Before I had a language to describe them, long before the nature of the Pull was described to me, and years before I began to understand the savagery of my eternal habit, I lived in the hole for a couple of days in early spring. In the waning months before my degree would be awarded, in the tautness of a rubber band about to break, I smoked from the crinkled hands of demons.
The house was always bathed in a yellowish hue, but it couldn’t be blamed on the light bulbs. It was the inhabitants of the chamber, the vermin clothed as humans, the sticky sludge that resembled normalcy, the fluttering shadows that projected life. The colors looked like a couple, it acted like a pretty girl with school books and thin tank tops, it seemed like a skinny guy wearing an oversized suit, and they were that, and they were not. I tried to conceal it in the corners of my heart, in the caves where secrets lay and rest, where they spin their wool and catch blood-filled mosquitoes with eyes that have long ago been sewn shut. I tried to hide them away, but blood always found its way below the door. The gray cloud above my head shaded the perspective, the steel ball shackled to my ankle ate away at my voice and jingled with each step on the pavement. The pain was written on my face and the disease dressed itself up in purple spots and lay quietly on his skin and the house smelled of vinegar and burnt tin foil and the books absorbed the smoke like the thick leaves of a jungle.
I did not know the language, then, I could not describe the pull, but I smoked from the hands of red demons. Disguised as the glass vase for plastic roses, hidden in the product of water and fire and metal and coca leaves that combined into a surge of power, it was a brief full body orgasm that colored me green and left me wailing without tears, hungry with no need for food. I smoked from the bumpy skin, I heard the bells of their choir and I sat still while the earth spun and my stomach took a ride on the roller coaster that always ended twenty seconds later. And I stood in line again. I called for the conductor, I looked for the tubes and the white rocks and the dirty spoons. And again I took the ride. And when it was over, when I was on my knees and drooling and looking for the foil, I took it again. The same rusty car, the same plastic seat, the eternal loops that held me by a plastic belt. I called for more in the shower and spun as the water beat my body. I sat on the patio, surrounded by dying plants and a created world that made no sense and under the night sky that felt more ugly and brown than I had ever seen it. I sat and heard the bells.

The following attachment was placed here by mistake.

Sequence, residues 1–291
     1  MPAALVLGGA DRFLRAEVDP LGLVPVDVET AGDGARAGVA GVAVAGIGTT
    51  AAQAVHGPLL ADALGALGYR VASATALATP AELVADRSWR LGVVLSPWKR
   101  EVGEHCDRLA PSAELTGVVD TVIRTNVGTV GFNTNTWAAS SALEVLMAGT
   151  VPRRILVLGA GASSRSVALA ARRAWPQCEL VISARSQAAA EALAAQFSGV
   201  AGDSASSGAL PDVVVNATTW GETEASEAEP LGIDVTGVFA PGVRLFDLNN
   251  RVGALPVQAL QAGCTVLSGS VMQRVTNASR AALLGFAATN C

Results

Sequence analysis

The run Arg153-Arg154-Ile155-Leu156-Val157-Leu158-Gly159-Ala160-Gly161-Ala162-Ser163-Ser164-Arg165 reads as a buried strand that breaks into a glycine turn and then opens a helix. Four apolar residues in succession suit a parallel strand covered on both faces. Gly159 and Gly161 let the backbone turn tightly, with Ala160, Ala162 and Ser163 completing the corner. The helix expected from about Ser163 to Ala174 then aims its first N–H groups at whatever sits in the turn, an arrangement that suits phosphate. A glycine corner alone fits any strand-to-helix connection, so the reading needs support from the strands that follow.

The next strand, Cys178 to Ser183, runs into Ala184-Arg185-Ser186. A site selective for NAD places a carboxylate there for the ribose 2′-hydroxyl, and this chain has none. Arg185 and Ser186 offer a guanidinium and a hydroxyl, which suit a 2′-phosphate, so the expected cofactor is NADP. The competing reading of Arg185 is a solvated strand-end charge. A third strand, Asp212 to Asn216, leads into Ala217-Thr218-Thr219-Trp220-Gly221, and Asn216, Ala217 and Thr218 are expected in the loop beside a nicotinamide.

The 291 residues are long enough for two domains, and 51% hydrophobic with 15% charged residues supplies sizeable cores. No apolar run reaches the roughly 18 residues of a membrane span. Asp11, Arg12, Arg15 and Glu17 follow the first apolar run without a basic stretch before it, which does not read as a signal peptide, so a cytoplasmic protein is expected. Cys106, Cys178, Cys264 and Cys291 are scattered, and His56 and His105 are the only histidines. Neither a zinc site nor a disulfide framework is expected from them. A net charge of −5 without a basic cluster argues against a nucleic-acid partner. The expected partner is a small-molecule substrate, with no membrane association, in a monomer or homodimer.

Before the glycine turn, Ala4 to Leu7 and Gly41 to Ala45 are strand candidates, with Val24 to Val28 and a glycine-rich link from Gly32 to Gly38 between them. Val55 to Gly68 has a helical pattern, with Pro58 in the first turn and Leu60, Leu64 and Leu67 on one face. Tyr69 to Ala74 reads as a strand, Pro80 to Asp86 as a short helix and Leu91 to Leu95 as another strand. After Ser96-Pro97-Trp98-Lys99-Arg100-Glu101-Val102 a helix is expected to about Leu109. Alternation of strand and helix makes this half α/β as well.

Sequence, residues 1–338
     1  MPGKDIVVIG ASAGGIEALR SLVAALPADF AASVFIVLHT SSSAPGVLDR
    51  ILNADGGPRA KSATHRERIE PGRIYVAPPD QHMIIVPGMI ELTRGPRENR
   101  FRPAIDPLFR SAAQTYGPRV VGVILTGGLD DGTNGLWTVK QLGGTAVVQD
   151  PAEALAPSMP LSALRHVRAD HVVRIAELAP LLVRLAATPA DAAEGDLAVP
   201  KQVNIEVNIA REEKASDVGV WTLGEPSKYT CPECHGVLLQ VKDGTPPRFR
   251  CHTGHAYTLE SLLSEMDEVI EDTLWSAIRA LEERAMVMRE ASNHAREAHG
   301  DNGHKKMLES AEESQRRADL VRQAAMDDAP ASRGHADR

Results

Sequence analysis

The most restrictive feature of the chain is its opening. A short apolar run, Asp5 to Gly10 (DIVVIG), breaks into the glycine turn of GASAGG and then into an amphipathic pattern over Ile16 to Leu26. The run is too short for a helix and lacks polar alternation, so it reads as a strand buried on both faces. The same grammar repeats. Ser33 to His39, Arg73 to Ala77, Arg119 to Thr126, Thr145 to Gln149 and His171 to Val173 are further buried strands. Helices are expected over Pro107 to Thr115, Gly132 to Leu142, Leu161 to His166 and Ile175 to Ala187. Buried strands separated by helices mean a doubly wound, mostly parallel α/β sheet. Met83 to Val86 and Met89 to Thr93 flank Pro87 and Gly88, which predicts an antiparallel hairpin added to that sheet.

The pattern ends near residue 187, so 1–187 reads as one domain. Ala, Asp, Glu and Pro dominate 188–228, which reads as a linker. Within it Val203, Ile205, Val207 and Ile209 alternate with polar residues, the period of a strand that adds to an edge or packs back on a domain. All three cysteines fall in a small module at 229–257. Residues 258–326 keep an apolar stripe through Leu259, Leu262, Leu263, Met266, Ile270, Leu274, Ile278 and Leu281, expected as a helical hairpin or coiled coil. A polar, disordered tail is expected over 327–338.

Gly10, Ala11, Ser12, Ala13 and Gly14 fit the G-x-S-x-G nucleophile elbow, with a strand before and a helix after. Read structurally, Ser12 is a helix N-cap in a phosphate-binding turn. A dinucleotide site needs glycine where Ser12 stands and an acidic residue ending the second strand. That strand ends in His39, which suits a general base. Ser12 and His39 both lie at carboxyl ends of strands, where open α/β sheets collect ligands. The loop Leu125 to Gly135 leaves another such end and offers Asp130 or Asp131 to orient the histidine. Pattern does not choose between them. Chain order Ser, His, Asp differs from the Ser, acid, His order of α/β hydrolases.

He finally fell asleep and I felt the pull calling the deepest holes in me, I followed my body into the yellow room and found the spoons and the powder and the carton of baking soda. I wanted to make rocks from powder and hear the choir and shake with the bells, I tried ‘til 4 am until the small bag was empty and every ill-cooked rock traveled in wisps of smoke to my lungs. It was almost dawn when I looked in the mirror and I saw a strange woman from a bleak distant land. A woman in the clutches of a force she had no language for. A stranger from a parallel world, a whore, a student, a woman…all could be possible, all were before her for the choosing, there were some of each in her eyes. The bumpy hands were tight around my ankles, the choir sang without rest and I decided then, this would not be the path. I closed the door. I felt them call for many days, the demons kissed my ears and played in the corners of my mind, but I buried myself in books, in the one clear goal that was only a couple of months away. Working this way, I washed myself clean of the powder.